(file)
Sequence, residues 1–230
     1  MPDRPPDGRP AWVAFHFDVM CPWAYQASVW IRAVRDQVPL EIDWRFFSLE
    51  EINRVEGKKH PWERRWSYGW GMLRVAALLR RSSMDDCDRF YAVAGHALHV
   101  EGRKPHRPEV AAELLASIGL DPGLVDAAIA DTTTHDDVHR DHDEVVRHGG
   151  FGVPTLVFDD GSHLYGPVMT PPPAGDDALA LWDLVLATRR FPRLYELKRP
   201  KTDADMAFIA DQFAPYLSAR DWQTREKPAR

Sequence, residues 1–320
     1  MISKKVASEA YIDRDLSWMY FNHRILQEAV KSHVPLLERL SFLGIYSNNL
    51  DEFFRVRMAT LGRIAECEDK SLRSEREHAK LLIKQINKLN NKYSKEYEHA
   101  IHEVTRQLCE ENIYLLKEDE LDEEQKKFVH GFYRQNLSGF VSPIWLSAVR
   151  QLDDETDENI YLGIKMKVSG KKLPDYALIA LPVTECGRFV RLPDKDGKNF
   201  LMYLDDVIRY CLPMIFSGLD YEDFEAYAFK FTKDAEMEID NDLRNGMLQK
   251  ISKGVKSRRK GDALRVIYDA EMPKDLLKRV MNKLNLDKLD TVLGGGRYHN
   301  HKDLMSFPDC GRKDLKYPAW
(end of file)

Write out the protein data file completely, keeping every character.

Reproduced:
Sequence, residues 1–230
     1  MPDRPPDGRP AWVAFHFDVM CPWAYQASVW IRAVRDQVPL EIDWRFFSLE
    51  EINRVEGKKH PWERRWSYGW GMLRVAALLR RSSMDDCDRF YAVAGHALHV
   101  EGRKPHRPEV AAELLASIGL DPGLVDAAIA DTTTHDDVHR DHDEVVRHGG
   151  FGVPTLVFDD GSHLYGPVMT PPPAGDDALA LWDLVLATRR FPRLYELKRP
   201  KTDADMAFIA DQFAPYLSAR DWQTREKPAR

Sequence, residues 1–320
     1  MISKKVASEA YIDRDLSWMY FNHRILQEAV KSHVPLLERL SFLGIYSNNL
    51  DEFFRVRMAT LGRIAECEDK SLRSEREHAK LLIKQINKLN NKYSKEYEHA
   101  IHEVTRQLCE ENIYLLKEDE LDEEQKKFVH GFYRQNLSGF VSPIWLSAVR
   151  QLDDETDENI YLGIKMKVSG KKLPDYALIA LPVTECGRFV RLPDKDGKNF
   201  LMYLDDVIRY CLPMIFSGLD YEDFEAYAFK FTKDAEMEID NDLRNGMLQK
   251  ISKGVKSRRK GDALRVIYDA EMPKDLLKRV MNKLNLDKLD TVLGGGRYHN
   301  HKDLMSFPDC GRKDLKYPAW